Higher Product Costs Lead to Price Increases for Great Lakes Manufacturing

Nov. 13, 2007
70% of plants increased pricing

Though manufacturing companies in the Great Lakes region have seen a slight increase in their overseas sales, production costs continue to rise faster. This has led to price increases according to the 2008 Grant Thornton LLP Great Lakes Manufacturing Report, which was developed using data from the Industry Week/Manufacturing Performance Institute 2007 Census of Manufacturers.

Seven in ten manufacturers in the Great Lakes region report increasing their prices in the past year, with the vast majority of those (87%) increasing prices from 1 to 10% over last year. These increases in pricing are pretty comparable to what is going on in the rest of the country, with 68% of manufacturers reporting increases in their prices in the past year.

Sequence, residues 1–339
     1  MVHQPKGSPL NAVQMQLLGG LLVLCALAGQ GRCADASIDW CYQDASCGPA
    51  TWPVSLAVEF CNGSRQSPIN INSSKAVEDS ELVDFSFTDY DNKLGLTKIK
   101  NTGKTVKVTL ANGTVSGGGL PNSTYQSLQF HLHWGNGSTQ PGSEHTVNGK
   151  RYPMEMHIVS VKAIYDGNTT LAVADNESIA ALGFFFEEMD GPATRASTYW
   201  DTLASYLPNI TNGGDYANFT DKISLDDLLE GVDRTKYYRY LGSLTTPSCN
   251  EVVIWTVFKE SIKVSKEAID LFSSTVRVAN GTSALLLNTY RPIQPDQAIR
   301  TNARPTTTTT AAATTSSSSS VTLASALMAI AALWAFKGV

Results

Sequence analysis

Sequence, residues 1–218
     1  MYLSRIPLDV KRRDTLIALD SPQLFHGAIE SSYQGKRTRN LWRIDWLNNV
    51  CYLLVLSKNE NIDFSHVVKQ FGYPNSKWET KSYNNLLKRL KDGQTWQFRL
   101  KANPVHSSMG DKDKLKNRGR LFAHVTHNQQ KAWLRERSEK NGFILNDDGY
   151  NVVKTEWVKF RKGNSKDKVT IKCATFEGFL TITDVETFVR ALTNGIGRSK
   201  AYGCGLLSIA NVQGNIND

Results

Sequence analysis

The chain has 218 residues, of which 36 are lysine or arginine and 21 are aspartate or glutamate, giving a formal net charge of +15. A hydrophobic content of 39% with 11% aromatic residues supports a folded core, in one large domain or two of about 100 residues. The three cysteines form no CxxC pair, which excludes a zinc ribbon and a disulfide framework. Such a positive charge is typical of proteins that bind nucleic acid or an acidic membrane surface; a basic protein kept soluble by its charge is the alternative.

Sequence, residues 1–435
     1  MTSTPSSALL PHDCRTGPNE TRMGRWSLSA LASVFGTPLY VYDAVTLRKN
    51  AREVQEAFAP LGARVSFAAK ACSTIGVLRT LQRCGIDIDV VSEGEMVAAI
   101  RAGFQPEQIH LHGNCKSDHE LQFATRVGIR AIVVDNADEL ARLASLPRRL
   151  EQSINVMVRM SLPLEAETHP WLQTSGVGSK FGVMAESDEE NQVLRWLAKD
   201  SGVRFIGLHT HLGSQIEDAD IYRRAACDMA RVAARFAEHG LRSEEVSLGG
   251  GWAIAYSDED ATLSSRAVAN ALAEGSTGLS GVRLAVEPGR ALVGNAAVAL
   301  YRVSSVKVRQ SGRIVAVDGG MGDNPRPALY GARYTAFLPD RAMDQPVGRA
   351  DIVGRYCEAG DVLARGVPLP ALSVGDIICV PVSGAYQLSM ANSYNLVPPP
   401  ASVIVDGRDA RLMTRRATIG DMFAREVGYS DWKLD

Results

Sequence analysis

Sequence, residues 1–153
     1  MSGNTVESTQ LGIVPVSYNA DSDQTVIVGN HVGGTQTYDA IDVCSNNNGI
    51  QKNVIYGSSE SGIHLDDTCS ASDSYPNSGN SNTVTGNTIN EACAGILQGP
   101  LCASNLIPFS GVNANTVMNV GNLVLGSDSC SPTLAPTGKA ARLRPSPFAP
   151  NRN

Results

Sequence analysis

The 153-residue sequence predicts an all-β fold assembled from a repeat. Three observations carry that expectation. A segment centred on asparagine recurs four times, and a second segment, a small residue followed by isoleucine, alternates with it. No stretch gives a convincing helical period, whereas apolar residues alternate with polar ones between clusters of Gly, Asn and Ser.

Overseas sales in the Great Lakes region have increased slightly in the last three years to 2.5% of sales volume; however, manufacturers in the rest of the country have seen overseas sales increase to 5.5% -- and only Illinois plants report over 5% of their sales coming from overseas (14%).

"There are few production costs that havent risen in recent years," said Michael Capone, the Midwest Region leader of Grant Thornton LLPs consumer and industrial products industry group. "While that may not be news, the size and impact of these cost increases are staggering."

Four out of five Great Lakes plants report that costs for components, wages, benefits, transportation and energy have risen in the past year, topped by utilities/energy (94% of Great Lakes plants report an increase) and logistics/transport costs (91%). The steepest cost increases -- more than 10% -- were for utilities/fuel (29%) and components/materials (25%).

However, Great Lakes plants are twice as likely as other plants to source from China based on median figures: two percent vs. one percent. Sixty-one percent of Great Lakes plants source something from China (32% of Great Lakes plants source 10% or more) vs. 60% of other plants that source from China (30% source 10% or more).

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